Those Darn Cover Letters

Ah, cover letters. I’m not sure who has the shorter end of the stick, candidates who have to write them or prospective employers who have to read them. They can be painful to both parties. I read too many cover letters that beat hiring managers over the head with personal circumstances, irrelevant qualifications and desperate pleas for opportunity. Writing and reading that stuff is toxic to the soul. Toxic, I tell you!

Cover letters don’t have to be excruciating. Staying true to their purpose helps a great deal. What is a cover letter though? Just like a cover to a book, your cover letter is the outer layer of your resume. Book covers don’t rehash everything in the book. They highlight key points and passages in an effort to make the reader want more. You’ll notice the author of a book never uses the cover to go into the difficulties he is having in his life or why he needs you to buy the book. It’s all about captivating the reader. Your cover letter needs to achieve the same result. Once a hiring manager reads it, he should want to dig deeper into your resume. After reading your resume, he should want to take the next step of an interview. Succinctly highlighting elements in your background that make you a candidate the hiring manager needs to interview and exuding confidence your abilities and experience are worthy of consideration are the way to go. Waffling language, such as “I hope to hear from you,” and “if it’s not too much trouble” is not a good idea. It plants the seed of desperation and suggests you are don’t expect to hear from them, may be used to not having any response and may not be in demand. Not to mention, it’s not the employer’s role to care about your hopes. Your hopes really don’t have anything to do with what they need in a business sense.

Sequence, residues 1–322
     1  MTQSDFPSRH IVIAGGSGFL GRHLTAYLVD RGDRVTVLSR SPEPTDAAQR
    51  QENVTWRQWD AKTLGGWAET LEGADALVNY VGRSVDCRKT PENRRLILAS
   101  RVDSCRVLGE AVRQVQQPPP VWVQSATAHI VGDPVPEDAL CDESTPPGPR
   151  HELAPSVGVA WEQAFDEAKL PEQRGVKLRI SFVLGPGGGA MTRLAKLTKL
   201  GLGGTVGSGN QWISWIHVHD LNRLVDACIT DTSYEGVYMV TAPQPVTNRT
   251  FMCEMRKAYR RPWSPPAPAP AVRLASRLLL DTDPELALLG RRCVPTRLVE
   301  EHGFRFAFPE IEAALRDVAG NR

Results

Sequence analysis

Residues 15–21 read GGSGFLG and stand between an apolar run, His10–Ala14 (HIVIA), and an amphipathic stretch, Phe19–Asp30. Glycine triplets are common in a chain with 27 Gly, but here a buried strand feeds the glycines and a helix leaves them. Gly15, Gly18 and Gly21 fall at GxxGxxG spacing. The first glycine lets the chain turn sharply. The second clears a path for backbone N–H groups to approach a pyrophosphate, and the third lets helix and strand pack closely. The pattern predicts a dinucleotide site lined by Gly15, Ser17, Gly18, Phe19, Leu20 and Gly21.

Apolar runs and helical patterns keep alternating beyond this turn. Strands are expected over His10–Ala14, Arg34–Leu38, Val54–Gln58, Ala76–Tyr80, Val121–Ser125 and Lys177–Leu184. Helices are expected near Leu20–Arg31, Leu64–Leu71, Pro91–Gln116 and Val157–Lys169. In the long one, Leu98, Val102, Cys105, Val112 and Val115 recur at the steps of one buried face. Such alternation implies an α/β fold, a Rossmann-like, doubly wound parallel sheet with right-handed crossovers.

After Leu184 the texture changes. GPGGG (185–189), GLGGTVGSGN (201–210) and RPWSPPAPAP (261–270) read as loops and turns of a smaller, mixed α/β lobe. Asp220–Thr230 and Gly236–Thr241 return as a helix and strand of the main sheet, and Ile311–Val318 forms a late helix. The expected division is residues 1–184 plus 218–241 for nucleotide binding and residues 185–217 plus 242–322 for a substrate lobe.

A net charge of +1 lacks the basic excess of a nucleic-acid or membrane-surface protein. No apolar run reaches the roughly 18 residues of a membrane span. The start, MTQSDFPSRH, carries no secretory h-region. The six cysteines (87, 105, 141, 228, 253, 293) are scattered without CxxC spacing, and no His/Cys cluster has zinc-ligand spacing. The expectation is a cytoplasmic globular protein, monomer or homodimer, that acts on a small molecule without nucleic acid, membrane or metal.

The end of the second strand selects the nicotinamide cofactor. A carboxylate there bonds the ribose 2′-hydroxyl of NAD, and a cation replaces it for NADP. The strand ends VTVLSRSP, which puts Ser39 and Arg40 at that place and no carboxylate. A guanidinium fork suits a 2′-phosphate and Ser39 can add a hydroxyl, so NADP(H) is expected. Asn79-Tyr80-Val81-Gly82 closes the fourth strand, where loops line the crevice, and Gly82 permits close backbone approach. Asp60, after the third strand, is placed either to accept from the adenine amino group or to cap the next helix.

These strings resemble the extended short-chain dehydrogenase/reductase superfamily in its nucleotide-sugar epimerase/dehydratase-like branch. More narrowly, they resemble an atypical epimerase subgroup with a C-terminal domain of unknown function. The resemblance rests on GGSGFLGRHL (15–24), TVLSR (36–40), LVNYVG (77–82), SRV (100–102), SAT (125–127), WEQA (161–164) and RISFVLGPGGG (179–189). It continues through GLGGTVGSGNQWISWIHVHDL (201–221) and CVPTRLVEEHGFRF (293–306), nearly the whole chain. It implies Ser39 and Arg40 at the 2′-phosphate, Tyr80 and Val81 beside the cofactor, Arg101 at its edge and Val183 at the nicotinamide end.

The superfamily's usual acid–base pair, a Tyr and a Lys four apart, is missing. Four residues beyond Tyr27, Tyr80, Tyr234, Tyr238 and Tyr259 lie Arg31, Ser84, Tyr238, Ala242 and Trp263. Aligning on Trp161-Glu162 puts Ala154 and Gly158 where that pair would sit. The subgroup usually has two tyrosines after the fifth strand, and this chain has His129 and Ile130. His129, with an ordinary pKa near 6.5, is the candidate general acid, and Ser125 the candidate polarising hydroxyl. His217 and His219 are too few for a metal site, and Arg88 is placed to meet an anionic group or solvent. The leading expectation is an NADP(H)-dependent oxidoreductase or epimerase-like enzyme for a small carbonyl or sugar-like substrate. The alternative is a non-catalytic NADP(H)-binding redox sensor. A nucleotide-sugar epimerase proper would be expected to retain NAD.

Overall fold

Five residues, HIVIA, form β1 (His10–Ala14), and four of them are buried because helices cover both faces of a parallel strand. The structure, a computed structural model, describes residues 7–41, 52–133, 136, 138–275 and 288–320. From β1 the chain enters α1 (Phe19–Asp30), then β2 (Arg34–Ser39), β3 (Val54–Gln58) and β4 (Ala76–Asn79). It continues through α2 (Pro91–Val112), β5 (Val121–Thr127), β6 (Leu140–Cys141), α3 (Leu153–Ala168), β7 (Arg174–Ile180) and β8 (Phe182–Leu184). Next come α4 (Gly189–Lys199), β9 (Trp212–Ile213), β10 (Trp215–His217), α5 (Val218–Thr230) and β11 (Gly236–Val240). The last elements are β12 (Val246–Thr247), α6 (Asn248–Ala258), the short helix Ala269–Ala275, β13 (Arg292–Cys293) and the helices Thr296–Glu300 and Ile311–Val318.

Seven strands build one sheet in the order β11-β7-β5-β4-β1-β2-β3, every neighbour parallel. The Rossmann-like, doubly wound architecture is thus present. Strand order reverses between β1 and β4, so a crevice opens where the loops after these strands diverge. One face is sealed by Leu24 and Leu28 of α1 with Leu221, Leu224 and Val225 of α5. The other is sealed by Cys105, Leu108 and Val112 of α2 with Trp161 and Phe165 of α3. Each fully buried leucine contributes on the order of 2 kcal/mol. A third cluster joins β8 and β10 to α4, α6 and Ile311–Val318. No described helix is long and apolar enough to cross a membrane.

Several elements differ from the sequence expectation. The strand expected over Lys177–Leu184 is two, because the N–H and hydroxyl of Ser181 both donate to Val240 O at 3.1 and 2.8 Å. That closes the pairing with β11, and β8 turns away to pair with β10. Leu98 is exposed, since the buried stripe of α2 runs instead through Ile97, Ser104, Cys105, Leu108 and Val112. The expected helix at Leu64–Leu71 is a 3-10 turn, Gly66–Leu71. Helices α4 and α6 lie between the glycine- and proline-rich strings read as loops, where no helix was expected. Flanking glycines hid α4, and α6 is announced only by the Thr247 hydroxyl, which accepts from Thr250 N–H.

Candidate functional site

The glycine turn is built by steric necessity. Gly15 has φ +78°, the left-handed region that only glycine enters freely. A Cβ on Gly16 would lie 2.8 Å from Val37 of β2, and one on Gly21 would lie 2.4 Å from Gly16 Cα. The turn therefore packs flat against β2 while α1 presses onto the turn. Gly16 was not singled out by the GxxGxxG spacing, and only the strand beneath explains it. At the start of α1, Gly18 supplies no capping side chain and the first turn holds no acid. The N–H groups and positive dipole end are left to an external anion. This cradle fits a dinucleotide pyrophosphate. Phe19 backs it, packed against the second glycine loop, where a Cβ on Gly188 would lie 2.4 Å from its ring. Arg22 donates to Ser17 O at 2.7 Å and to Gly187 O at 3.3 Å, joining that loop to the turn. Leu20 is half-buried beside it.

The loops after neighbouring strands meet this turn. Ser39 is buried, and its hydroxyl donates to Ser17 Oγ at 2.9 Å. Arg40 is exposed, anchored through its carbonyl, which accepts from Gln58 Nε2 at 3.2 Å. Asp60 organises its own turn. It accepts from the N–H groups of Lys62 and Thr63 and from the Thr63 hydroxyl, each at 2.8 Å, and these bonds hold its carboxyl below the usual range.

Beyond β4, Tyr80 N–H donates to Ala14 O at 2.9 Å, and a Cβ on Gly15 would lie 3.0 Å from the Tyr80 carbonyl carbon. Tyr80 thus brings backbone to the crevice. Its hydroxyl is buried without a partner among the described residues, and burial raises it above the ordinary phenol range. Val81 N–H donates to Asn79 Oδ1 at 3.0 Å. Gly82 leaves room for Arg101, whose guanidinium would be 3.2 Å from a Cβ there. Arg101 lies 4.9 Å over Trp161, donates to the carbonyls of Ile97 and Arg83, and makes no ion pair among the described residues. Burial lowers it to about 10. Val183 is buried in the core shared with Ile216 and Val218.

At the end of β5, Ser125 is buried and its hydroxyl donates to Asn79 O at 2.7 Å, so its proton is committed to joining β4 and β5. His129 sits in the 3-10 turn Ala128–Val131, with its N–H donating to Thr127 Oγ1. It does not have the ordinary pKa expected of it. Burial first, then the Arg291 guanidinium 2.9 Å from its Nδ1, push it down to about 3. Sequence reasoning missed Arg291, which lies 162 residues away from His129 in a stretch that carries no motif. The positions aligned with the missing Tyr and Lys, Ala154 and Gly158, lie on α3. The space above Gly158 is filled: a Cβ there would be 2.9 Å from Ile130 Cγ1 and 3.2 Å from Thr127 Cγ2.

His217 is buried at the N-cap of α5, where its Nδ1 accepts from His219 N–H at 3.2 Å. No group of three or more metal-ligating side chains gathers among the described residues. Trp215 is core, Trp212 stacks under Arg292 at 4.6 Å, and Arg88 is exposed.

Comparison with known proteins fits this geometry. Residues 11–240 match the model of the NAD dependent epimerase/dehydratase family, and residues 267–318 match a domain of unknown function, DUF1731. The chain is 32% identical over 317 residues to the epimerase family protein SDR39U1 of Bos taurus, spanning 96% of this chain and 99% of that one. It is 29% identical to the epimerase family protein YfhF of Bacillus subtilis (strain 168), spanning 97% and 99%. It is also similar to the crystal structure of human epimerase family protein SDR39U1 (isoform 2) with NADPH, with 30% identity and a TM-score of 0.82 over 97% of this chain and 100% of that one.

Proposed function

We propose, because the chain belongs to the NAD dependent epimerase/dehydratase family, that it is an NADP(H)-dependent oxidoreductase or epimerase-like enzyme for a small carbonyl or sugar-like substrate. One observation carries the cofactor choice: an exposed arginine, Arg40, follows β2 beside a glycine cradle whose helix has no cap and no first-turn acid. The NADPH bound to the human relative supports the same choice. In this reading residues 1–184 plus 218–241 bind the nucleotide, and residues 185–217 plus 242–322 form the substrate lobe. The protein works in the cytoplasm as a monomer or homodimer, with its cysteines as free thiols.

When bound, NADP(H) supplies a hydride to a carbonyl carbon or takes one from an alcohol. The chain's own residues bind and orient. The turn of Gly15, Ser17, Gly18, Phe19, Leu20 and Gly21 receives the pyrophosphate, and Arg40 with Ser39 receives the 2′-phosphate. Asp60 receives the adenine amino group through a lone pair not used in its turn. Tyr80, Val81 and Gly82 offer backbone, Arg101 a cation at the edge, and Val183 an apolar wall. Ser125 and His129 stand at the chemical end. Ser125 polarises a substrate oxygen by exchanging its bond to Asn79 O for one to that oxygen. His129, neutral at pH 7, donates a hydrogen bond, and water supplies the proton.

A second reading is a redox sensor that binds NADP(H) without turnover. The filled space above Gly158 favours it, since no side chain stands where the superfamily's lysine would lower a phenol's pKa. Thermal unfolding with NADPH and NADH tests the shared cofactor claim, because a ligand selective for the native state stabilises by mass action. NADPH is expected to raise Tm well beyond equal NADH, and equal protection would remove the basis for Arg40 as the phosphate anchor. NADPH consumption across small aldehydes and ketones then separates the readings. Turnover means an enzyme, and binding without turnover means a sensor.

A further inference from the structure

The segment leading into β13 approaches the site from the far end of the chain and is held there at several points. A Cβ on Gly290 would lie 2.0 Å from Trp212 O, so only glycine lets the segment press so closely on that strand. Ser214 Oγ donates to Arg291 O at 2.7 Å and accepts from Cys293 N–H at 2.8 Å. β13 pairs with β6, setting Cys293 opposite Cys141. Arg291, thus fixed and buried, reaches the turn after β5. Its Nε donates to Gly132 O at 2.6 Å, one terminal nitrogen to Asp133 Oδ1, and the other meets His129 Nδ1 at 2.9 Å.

Incorporating stronger messages will demonstrate confidence. Consider the following suggestion. “You will learn from my resume and interviews I am a knowledgeable professional with much to offer your organization.” After a statement like this, follow with some bullet points of bottom line contributions you feel you would make for said company. Then close with confidence, “I look forward to meeting with you and discussing how my background compliments your current needs.” The suggestion you qualify for an interview is conveyed without coming of pushy or rude. It’s all about balance.

While we’re on the subject of rude, it’s a good time to point out if you are writing a letter to someone, it is best to do all you can to find out their true name. In my 37 years, I have yet to meet anyone named Recruiter, Sir, Madam or To Whom it May Concern. Although, at the rate celebrities are going, I suppose it’s an eventual possibility. In this cyber age, it is much easier to research the names of people in companies. Google, LinkedIn and the company’s actual website are easy sources. If you don’t find what you need there, the telephone is always an option. Simply call the receptionist, briefly state you are sending a letter to XYZ Manager and ask what name to address the letter to. Don’t go into a long story. People answering the phones usually don’t have a lot of time to chit-chat. There is no need to identify yourself as a job seeker. You are making a business call to get a name so you can direct business correspondence to the appropriate person in a polite way. If the person asks who you are, of course give your name. If the person asks what the nature of the correspondence is, be prepared with a brief response. Just as I said with cover letter content, when making these calls you must choose your language carefully. Waffling is problematic. When you start throwing in “if it would be okay,” “if you don’t mind,” “are you able to tell me” or anything that suggests what you are asking for is out of line or a bother, you are more likely to fail at your objective. Your concern you may be imposing creates the perception you are. Approach it as one business person would another, job seekers approaching companies is indeed business, and you’ll achieve better results. Are there times when no matter what you do you won’t be able to come up with a name to address your cover letter to, yes. Just don’t write a situation off as hopeless without really making an effort to get a name.

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